Gisela and I also spent four years in Vienna, Austria and I think that I have to say, that was our best assignment. We had a very nice apartment in the 18th district, good local transportation connection to work and east to downtown. Admittedly the locals speak a funny German with much influence from Hungary and Italy as well as the Czech lands. Vienna is a very cultural conscience city with concert halls, opera buildings, galleries, museums, etc. And of course, restaurants. If you are a Wiener Schnitzel fan, as I am, the place to go is a restaurant called Figlmüller . Check it out. The website is in English and I would highly recommend it to anyone who visits Vienna. Just outside Vienna is a wine-growing area (Burgenland) that produces some excellent wines. If you have a chance, rent a car and drive to the Neusiedl See (a lake) which is slightly south east of Vienna and look for a town called Rust. There are number of wineries in the town and some decent places to eat. The southern part of the lake is in Hungary and of course, the wine growing area extends into that country as well, although I have to say, we never ventured over there. Strolling around downtown Vienna is a treat and one has to be sure to try out some of the local cafes for their cakes and pastries as well as the coffee. The Ottoman Turks tried but failed to capture Vienna but they still managed to leave their influence in coffee roasting and drinking. A “kleiner browner” is the equivalent of an espresso. Again, I refer you to Wikipedia for much information on this beautiful city.
Frankfurt am Main (as opposed to Frankfurt an der Oder in eastern Germany) is the banking capital of Germany and also is home to the European Central Bank. We lived here for four and half years during my tour at the American Consulate. This was our final Foreign Service assignment and from a working standpoint, was my best assignment. However, we did not find Frankfurt a terribly enjoyable city. The U.S. government leases quite a bit of property in Frankfurt and as a result, we were required to live in government housing on a compound with about 300 other American families. While our apartment was more than adequate, we did not enjoy living in a ghetto- type atmosphere. Plus, Frankfurt is not a terribly clean city and every third person in the city is a foreigner (including me). It is often one strolls down the Zeil (a major shopping area) and hears every language in the world but German. There is a heavy eastern European influence in Frankfurt with lots of Russians. Of course, like any place, it has its good points such as being a centrally located city in Europe…Paris, Brussels, Vienna are all reasonably close, it has the major airport for Germany, some good restaurants, and nice parks. The best part thought is its proximity to the Rhine Valley and it’s wine grown area. Gisela and I enjoyed getting out and visiting various wine makers on both sides of the river. And cruising on the motorcycle through the valley is a dream. Unfortunately, Frankfurt also contains what is probably the ugliest American Consulate in the world and the largest with over 1100 employees. The Consulate is made up of a number of connected buildings and is a former U.S. military hospital. The security fences and barred windows make it look like a prison. Certainly not inviting to Consulate visitors or visa seekers.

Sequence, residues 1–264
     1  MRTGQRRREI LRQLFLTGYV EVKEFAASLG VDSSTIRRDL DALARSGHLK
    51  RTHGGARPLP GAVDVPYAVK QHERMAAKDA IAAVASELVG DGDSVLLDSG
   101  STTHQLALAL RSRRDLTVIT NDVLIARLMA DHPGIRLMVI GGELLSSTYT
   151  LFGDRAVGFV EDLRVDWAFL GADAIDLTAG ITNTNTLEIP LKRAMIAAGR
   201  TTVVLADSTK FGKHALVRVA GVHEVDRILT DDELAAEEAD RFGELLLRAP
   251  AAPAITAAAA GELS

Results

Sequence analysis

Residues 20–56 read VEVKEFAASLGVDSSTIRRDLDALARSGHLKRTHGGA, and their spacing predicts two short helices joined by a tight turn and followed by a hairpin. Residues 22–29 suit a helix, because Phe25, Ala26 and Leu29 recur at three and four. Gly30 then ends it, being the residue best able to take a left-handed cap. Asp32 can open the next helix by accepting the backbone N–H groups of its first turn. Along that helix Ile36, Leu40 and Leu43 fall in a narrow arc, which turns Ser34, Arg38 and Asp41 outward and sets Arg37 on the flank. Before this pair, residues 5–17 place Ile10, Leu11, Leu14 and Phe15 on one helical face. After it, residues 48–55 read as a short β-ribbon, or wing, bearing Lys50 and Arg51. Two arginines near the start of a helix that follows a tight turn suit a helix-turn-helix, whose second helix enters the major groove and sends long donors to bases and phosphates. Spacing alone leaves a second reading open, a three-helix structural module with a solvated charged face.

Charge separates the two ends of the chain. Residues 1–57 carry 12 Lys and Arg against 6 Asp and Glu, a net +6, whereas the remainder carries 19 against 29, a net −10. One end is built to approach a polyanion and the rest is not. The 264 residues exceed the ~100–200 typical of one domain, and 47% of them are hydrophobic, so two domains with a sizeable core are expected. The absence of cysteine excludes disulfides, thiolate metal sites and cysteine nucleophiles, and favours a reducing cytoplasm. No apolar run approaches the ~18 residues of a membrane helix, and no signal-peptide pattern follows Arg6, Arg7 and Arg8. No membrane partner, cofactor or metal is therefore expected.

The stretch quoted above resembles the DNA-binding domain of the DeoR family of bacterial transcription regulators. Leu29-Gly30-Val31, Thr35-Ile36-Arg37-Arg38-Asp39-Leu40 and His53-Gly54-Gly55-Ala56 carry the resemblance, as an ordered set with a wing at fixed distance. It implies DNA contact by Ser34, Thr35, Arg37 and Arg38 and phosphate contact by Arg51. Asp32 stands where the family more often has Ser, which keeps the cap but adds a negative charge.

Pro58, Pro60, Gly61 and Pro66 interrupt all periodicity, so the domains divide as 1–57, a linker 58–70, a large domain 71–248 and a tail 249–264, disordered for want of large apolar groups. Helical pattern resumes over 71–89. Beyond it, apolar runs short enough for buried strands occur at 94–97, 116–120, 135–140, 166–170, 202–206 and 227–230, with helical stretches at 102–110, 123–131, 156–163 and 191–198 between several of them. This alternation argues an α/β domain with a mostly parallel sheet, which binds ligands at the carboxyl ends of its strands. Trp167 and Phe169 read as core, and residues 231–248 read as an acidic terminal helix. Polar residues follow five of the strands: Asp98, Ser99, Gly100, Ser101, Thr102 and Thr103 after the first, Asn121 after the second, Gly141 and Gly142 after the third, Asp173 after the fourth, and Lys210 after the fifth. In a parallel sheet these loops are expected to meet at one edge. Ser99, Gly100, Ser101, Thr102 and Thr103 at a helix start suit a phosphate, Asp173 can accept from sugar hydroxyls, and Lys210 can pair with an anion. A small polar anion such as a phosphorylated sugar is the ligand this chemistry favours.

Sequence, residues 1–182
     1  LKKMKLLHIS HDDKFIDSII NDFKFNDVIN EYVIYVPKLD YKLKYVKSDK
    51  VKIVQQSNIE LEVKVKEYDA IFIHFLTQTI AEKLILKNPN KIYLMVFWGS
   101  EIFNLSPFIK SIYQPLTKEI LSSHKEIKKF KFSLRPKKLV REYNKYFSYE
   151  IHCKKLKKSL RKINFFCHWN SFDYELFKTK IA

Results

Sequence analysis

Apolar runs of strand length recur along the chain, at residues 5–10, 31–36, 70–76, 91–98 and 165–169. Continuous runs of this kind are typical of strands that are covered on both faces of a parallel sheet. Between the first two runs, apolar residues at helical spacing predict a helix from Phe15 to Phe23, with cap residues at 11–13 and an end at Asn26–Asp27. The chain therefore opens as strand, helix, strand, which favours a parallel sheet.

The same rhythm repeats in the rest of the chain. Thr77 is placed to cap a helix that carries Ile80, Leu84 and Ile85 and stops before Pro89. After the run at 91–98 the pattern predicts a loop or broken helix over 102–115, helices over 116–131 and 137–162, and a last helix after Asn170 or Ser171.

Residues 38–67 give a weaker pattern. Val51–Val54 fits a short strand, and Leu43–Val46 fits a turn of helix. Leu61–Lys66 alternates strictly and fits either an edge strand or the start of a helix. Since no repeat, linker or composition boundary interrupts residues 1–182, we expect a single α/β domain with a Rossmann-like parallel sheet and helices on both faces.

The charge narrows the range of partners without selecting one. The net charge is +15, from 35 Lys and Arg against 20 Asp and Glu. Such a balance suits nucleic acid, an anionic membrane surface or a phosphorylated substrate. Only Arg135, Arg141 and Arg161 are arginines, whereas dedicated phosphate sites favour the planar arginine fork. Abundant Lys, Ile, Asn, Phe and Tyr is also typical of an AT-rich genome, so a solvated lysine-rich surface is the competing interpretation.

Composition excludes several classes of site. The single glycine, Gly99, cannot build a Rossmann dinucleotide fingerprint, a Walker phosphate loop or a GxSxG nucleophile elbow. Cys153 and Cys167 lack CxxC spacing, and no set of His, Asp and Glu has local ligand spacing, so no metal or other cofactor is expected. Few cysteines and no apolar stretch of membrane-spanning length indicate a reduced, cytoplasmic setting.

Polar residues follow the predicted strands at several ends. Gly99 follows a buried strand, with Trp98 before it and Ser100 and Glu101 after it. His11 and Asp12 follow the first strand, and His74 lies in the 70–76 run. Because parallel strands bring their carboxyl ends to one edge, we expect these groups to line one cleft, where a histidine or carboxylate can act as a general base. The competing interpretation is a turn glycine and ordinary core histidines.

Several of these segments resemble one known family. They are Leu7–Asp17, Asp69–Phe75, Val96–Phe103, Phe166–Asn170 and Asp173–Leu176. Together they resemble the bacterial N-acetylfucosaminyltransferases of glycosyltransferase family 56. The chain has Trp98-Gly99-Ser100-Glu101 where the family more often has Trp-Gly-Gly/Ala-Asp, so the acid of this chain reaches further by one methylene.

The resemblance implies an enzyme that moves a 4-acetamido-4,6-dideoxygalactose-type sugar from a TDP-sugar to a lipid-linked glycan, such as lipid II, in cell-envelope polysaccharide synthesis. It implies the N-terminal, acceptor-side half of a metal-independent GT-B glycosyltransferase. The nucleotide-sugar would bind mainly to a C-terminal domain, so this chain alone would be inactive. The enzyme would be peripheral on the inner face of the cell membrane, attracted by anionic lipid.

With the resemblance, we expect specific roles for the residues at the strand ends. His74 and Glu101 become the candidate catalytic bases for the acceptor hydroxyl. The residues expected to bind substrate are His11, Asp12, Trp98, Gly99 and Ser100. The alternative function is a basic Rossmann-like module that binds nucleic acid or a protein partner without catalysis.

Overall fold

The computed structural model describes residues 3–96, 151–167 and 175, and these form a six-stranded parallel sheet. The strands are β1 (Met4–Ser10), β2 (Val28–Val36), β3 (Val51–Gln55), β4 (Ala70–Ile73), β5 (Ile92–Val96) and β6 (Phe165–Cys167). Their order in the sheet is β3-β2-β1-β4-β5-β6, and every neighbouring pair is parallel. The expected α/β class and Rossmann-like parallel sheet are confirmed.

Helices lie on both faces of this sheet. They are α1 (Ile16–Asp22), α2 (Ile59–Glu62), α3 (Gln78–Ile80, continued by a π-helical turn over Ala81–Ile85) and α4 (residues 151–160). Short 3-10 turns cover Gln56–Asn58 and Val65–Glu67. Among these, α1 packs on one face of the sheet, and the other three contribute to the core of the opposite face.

OK, I’ll stop here and let you get back to something more fun, like darning socks (my excuse for missing receptions at the Ambassador’s residence) or cleaning the toilet. Have a nice week and be safe. Ken